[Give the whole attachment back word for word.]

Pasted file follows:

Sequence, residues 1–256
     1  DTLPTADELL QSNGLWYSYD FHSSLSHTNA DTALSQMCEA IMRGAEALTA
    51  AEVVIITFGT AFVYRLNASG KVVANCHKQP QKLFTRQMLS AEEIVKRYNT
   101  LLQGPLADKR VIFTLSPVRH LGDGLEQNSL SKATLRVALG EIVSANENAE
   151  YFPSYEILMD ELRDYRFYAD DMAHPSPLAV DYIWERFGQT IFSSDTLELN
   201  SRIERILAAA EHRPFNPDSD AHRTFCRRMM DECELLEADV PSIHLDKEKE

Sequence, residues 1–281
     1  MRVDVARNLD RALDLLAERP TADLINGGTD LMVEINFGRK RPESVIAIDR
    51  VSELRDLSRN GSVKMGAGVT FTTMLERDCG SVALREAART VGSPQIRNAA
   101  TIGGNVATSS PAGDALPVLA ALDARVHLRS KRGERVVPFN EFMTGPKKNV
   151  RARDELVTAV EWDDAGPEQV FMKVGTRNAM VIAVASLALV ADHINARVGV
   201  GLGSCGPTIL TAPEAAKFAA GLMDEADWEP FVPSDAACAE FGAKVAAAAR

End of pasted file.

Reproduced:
Sequence, residues 1–256
     1  DTLPTADELL QSNGLWYSYD FHSSLSHTNA DTALSQMCEA IMRGAEALTA
    51  AEVVIITFGT AFVYRLNASG KVVANCHKQP QKLFTRQMLS AEEIVKRYNT
   101  LLQGPLADKR VIFTLSPVRH LGDGLEQNSL SKATLRVALG EIVSANENAE
   151  YFPSYEILMD ELRDYRFYAD DMAHPSPLAV DYIWERFGQT IFSSDTLELN
   201  SRIERILAAA EHRPFNPDSD AHRTFCRRMM DECELLEADV PSIHLDKEKE

Sequence, residues 1–281
     1  MRVDVARNLD RALDLLAERP TADLINGGTD LMVEINFGRK RPESVIAIDR
    51  VSELRDLSRN GSVKMGAGVT FTTMLERDCG SVALREAART VGSPQIRNAA
   101  TIGGNVATSS PAGDALPVLA ALDARVHLRS KRGERVVPFN EFMTGPKKNV
   151  RARDELVTAV EWDDAGPEQV FMKVGTRNAM VIAVASLALV ADHINARVGV
   201  GLGSCGPTIL TAPEAAKFAA GLMDEADWEP FVPSDAACAE FGAKVAAAAR